It’s exciting to see Shyamalan on such confident footing once more, all these years later.
Portrayals of homosexuality were frowned upon until the 1960s, by the movie industry's production code and such groups as the Legion of Decency.
Yet gays were everywhere in the movies, right from the beginning--this documentary shows two men dancing together in a Thomas Edison short named “The Gay Brothers,” from 1895--and often they were hidden in plain view. Hollywood knew who was gay and who was not, and there were in-jokes like John Ireland's line to Montgomery Clift in “Red River”: “There are only two things more beautiful than a good gun--a Swiss watch, or a woman from anywhere. You ever had a Swiss watch?” “The Celluloid Closet” is inspired by a 1981 book by Vito Russo, who wrote as a gay man who found he had to look in the shadows and subtexts of movies to find the homosexual characters who were surely there. His book was a compendium of visible and concealed gays in the movies, and now this documentary, which shows the scenes he could only describe, makes it clear Hollywood wanted it both ways: It benefitted from the richness that gays added to films, but didn't want to acknowledge their sexuality. In those few films that were frankly about gays, their lives almost always ended in madness or death (there is a montage of gays dying onscreen, of which my favorite from a Freudian point of view is Sandy Dennis as a lesbian in “The Fox,” crushed by a falling tree).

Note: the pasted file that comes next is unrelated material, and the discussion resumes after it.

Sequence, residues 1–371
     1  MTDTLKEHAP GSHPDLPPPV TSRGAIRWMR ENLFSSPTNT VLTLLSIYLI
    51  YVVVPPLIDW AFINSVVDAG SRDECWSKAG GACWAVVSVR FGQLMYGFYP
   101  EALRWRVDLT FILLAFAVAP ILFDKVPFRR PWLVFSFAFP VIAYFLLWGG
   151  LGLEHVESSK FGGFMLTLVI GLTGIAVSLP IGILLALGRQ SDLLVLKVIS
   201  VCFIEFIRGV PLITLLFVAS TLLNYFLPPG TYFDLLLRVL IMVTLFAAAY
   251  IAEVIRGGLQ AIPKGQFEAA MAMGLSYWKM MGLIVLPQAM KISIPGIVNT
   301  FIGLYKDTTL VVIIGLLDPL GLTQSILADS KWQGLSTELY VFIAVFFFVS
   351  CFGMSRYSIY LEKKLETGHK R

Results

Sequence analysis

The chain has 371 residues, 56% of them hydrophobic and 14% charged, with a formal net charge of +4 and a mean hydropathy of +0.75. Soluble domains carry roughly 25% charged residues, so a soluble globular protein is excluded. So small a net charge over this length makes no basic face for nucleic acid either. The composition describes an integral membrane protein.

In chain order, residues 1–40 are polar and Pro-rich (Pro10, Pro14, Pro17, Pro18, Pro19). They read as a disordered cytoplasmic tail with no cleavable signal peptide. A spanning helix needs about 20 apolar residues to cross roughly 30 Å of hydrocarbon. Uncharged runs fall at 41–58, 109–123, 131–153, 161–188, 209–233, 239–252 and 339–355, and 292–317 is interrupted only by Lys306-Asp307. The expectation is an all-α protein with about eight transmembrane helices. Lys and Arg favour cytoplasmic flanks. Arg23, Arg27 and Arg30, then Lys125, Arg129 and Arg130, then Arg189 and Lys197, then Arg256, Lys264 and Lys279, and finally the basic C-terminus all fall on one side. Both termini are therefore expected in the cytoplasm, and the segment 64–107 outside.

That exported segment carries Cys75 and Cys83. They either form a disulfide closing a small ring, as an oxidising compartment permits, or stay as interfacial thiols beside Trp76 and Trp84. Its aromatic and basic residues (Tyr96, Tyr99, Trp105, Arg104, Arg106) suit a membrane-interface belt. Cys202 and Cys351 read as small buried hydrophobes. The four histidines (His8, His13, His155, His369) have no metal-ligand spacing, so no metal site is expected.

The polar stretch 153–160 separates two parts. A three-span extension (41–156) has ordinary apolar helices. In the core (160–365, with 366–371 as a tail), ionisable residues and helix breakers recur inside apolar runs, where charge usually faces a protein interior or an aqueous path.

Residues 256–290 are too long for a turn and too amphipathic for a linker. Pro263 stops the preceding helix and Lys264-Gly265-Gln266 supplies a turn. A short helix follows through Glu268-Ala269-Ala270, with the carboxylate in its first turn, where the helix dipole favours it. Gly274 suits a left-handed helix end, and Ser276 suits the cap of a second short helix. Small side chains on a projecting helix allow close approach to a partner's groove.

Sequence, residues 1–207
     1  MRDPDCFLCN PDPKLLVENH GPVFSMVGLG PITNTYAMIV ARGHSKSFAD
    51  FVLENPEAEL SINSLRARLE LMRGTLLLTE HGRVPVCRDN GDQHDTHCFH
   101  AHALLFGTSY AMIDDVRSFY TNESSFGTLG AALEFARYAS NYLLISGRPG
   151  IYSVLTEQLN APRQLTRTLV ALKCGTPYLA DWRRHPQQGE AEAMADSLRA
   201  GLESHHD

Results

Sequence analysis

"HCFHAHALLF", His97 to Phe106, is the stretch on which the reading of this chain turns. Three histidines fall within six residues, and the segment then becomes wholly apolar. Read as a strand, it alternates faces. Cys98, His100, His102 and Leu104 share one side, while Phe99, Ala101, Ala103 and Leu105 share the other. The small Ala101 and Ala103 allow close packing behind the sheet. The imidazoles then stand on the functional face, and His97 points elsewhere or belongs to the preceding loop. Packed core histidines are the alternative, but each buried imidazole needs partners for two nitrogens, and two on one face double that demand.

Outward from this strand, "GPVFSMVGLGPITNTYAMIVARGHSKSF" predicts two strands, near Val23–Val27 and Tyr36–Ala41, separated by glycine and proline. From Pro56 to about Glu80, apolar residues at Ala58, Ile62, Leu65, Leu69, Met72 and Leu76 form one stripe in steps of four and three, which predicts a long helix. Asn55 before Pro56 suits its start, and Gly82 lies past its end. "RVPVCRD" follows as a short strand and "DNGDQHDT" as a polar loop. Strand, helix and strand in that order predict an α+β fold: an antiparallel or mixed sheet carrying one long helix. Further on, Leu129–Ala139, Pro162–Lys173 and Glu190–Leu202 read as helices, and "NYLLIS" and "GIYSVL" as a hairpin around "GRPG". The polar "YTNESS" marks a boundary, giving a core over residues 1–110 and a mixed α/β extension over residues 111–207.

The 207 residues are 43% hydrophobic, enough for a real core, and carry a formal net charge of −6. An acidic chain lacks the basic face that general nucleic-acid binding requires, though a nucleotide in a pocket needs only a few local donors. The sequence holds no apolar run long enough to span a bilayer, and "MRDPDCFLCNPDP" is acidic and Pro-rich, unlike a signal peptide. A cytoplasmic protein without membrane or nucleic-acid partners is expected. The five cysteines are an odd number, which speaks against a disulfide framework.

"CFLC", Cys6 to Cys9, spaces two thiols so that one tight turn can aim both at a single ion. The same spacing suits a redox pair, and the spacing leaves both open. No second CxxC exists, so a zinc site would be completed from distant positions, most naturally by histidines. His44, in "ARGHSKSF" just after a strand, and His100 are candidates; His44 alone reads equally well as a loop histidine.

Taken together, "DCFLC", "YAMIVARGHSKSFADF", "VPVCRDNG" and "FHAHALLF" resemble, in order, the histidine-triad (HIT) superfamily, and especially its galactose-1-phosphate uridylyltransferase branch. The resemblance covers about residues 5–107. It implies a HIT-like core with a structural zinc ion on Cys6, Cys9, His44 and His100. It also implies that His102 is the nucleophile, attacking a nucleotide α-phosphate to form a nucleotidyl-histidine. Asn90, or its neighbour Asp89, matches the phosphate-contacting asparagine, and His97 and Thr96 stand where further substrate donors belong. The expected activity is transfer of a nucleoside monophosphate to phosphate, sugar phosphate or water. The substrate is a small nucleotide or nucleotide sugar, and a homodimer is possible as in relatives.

The movie, narrated by Lily Tomlin, contains interviews with a lot of witnesses from the days when gays were in the Hollywood closet. The chat with Gore Vidal has already become famous. He recalls how he was hired by director William Wyler to do rewrites on “Ben-Hur.” One of the film's problems was that there was no plausible explanation for the hatred between the characters played by Charlton Heston and Stephen Boyd. Vidal's suggestion: They were lovers when they were teenagers, but now Ben-Hur (Heston) denies that time, and Boyd is resentful. Wyler agreed that would provide the motivation for a key scene, but decided to tell only Boyd, not Heston, who “wouldn't be able to handle it.”The film shows the scene, which plays with an amusing subtext.
Sometimes directors deleted scenes with gay themes because of studio or censorship pressure. Tony Curtis is droll as he recalls a scene with Laurence Olivier in Stanley Kubrick's “Spartacus,” where the two men flirted in a hot bath. (The scene was restored when the movie was re-released in 1991.) Is it because we know stars were gay that their scenes play differently this time around? There's a scene from “Pillow Talk” in which Rock Hudson plays a straight man pretending to be gay in order to avoid an entanglement with Doris Day. Does Hudson seem privately amused by the twist? It looks that way (and Mark Rappaport's “Rock Hudson's Home Movies” finds scenes all through Hudson's career where he seems aware of additional levels of possibilities).
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